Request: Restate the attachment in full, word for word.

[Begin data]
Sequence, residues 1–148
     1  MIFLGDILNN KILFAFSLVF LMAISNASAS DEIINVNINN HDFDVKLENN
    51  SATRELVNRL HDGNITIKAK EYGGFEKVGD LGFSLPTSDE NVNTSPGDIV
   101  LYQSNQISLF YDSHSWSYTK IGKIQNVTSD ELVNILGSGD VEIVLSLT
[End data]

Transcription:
Sequence, residues 1–148
     1  MIFLGDILNN KILFAFSLVF LMAISNASAS DEIINVNINN HDFDVKLENN
    51  SATRELVNRL HDGNITIKAK EYGGFEKVGD LGFSLPTSDE NVNTSPGDIV
   101  LYQSNQISLF YDSHSWSYTK IGKIQNVTSD ELVNILGSGD VEIVLSLT